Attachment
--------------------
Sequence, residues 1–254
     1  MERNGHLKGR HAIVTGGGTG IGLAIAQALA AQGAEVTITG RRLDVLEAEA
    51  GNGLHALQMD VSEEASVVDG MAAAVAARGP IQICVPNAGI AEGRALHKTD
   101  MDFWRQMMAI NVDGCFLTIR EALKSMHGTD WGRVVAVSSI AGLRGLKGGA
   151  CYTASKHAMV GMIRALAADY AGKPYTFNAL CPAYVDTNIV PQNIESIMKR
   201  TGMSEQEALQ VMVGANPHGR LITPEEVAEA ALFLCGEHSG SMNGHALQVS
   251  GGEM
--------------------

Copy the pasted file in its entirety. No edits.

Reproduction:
Sequence, residues 1–254
     1  MERNGHLKGR HAIVTGGGTG IGLAIAQALA AQGAEVTITG RRLDVLEAEA
    51  GNGLHALQMD VSEEASVVDG MAAAVAARGP IQICVPNAGI AEGRALHKTD
   101  MDFWRQMMAI NVDGCFLTIR EALKSMHGTD WGRVVAVSSI AGLRGLKGGA
   151  CYTASKHAMV GMIRALAADY AGKPYTFNAL CPAYVDTNIV PQNIESIMKR
   201  TGMSEQEALQ VMVGANPHGR LITPEEVAEA ALFLCGEHSG SMNGHALQVS
   251  GGEM